Working Paper | HBS Working Paper Series | 2014

Eliciting Taxpayer Preferences Increases Tax Compliance

by Cait Lamberton, Jan-Emmanuel De Neve and Michael I. Norton

Abstract

Two experiments show that eliciting taxpayer preferences on government spending―providing taxpayer agency―increases tax compliance. We first create an income and taxation environment in a laboratory setting to test for compliance with a "lab tax." Allowing a treatment group to express non-binding preferences over tax spending priorities leads to a 16% increase in tax compliance. A follow-up online study tests this treatment with a simulation of paying US federal taxes. Allowing taxpayers to signal their preferences on the distribution of government spending results in a 15% reduction in the stated take-up rate of a questionable tax loophole. Providing taxpayer agency recouples tax payments with the public services obtained in return, reduces general anti-tax sentiment, and holds satisfaction with tax payment stable despite increased compliance with tax dues. With tax noncompliance costing the U.S. government $385 billion annually, providing taxpayer agency could have meaningful economic impact. At the same time, giving taxpayers a voice may act as a two-way "nudge," transforming tax payment from a passive experience to a channel of communication between taxpayers and government.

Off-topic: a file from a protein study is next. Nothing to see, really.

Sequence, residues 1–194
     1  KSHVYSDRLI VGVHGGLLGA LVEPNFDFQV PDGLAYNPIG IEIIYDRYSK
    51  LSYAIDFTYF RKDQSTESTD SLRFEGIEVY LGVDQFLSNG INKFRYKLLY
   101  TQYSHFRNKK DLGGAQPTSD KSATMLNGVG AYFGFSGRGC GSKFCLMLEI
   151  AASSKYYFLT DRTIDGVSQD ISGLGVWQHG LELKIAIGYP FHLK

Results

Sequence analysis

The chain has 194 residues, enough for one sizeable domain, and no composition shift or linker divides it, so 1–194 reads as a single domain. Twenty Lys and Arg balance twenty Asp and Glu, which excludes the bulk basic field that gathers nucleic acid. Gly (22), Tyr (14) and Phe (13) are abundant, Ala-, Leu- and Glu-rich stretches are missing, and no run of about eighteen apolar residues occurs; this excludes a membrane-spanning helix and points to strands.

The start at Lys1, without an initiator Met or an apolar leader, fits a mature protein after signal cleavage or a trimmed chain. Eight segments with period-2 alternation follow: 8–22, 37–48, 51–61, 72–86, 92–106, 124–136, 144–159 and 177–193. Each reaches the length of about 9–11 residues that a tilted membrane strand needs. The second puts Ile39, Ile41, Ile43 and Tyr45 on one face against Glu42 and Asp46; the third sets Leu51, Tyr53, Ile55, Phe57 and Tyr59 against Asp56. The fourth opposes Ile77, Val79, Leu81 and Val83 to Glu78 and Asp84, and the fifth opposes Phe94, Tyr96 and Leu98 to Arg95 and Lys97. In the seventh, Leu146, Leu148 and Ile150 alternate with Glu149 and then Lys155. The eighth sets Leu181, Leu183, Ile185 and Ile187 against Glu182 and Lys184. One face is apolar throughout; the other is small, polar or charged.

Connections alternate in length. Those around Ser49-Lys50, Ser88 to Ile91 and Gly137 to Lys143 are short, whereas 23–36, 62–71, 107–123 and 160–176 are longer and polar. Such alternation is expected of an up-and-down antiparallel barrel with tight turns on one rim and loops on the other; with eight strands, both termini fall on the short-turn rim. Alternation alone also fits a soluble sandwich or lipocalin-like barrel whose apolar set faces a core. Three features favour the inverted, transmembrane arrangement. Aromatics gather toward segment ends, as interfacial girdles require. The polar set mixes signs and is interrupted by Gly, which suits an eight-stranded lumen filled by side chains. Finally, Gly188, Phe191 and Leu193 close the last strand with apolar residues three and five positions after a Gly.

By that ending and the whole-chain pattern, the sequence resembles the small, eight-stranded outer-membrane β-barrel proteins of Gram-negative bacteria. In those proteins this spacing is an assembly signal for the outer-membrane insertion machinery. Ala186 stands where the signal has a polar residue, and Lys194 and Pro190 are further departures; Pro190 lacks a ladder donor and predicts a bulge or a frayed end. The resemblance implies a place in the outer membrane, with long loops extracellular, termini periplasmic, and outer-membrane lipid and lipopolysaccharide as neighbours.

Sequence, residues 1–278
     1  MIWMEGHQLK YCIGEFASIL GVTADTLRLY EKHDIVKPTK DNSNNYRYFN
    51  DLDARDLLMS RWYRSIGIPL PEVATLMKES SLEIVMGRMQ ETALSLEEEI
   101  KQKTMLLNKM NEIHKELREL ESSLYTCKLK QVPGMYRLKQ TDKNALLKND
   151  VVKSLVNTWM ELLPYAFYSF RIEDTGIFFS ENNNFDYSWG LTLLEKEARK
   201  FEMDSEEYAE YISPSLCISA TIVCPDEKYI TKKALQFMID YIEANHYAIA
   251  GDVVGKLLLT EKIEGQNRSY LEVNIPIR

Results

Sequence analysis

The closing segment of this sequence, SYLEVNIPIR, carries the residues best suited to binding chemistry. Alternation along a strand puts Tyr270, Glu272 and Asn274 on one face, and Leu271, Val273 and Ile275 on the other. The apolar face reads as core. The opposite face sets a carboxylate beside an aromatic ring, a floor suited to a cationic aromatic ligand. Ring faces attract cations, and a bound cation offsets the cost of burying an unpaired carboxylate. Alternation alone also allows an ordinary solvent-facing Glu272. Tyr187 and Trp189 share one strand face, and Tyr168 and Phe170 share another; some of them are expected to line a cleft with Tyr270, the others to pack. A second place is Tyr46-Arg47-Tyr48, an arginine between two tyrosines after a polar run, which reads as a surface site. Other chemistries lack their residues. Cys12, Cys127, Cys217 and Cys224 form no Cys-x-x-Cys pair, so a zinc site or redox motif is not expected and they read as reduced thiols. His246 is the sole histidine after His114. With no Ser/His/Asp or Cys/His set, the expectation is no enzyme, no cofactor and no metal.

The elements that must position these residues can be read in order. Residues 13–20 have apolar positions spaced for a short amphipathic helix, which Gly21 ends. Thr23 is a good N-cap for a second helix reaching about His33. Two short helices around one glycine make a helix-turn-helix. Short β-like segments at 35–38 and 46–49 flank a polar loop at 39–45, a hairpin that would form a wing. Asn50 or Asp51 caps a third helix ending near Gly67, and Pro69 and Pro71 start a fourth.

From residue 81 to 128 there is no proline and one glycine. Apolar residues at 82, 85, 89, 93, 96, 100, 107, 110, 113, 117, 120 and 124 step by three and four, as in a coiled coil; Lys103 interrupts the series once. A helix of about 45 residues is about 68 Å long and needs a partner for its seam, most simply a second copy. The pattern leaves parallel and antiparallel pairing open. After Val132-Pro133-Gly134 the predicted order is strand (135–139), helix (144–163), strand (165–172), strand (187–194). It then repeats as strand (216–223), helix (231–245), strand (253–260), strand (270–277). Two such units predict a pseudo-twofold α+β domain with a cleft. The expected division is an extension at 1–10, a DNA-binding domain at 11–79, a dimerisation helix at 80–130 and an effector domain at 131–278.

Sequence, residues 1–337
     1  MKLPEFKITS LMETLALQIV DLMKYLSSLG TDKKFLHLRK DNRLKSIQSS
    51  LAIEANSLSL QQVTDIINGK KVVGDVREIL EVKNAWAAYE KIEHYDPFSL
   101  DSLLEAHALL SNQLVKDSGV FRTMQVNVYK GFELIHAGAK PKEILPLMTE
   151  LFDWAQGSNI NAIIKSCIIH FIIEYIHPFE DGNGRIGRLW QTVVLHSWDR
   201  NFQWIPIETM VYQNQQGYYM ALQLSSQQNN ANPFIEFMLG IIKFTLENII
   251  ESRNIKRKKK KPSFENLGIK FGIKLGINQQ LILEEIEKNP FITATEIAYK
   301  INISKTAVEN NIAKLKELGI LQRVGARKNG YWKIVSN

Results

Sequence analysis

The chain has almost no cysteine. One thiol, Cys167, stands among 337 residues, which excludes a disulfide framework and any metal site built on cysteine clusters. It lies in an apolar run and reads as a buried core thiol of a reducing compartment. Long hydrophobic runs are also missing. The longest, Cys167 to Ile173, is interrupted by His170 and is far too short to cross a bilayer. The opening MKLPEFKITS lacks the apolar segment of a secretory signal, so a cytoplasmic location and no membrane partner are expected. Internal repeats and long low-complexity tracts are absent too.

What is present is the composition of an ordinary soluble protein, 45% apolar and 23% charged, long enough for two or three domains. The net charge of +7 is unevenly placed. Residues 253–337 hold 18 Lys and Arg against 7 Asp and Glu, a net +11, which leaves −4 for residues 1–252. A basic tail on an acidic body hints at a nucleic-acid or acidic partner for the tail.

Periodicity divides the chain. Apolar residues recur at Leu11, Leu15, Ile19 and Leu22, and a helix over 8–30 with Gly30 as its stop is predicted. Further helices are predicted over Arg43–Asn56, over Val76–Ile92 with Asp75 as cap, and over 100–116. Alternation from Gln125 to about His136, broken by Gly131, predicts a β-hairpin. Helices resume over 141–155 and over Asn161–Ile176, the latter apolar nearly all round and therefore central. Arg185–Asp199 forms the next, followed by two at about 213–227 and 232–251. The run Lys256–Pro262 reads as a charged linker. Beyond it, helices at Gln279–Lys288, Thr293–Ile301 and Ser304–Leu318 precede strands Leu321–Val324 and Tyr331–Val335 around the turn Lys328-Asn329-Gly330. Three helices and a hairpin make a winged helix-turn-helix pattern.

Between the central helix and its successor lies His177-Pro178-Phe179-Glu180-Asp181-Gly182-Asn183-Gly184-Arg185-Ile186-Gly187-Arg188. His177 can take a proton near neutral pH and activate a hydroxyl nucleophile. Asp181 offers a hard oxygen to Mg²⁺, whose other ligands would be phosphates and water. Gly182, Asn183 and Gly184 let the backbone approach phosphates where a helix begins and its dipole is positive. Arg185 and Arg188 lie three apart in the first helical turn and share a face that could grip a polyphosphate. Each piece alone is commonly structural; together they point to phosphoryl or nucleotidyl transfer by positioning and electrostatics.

Keywords: Motivation and Incentives; Taxation; Public Administration Industry; United States;

Citation:

Lamberton, Cait, Jan-Emmanuel De Neve, and Michael I. Norton. "Eliciting Taxpayer Preferences Increases Tax Compliance." Harvard Business School Working Paper, No. 14-106, April 2014.